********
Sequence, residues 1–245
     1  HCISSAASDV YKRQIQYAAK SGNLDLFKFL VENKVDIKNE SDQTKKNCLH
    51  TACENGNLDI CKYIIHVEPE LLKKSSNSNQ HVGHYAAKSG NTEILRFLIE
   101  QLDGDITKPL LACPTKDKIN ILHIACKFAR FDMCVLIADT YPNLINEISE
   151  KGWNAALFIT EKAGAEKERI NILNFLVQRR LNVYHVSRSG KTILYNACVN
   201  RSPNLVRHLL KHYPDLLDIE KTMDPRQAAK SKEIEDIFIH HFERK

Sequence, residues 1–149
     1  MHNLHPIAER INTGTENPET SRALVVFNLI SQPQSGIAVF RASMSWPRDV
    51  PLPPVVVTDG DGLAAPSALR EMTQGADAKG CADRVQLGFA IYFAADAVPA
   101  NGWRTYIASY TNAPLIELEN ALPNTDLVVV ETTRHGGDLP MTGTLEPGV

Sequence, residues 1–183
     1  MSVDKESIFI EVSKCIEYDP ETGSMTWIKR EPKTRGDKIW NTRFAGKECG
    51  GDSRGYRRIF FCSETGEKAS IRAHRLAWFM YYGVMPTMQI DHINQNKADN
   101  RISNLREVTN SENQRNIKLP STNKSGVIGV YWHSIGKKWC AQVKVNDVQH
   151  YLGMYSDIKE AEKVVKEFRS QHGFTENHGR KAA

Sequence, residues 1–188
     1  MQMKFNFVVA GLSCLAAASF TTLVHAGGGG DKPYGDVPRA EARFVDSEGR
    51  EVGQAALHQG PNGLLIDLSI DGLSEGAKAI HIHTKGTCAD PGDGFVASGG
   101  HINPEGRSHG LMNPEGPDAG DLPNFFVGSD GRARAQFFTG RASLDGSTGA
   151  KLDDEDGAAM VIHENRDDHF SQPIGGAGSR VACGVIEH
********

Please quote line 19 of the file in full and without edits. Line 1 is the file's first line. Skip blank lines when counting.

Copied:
   101  HINPEGRSHG LMNPEGPDAG DLPNFFVGSD GRARAQFFTG RASLDGSTGA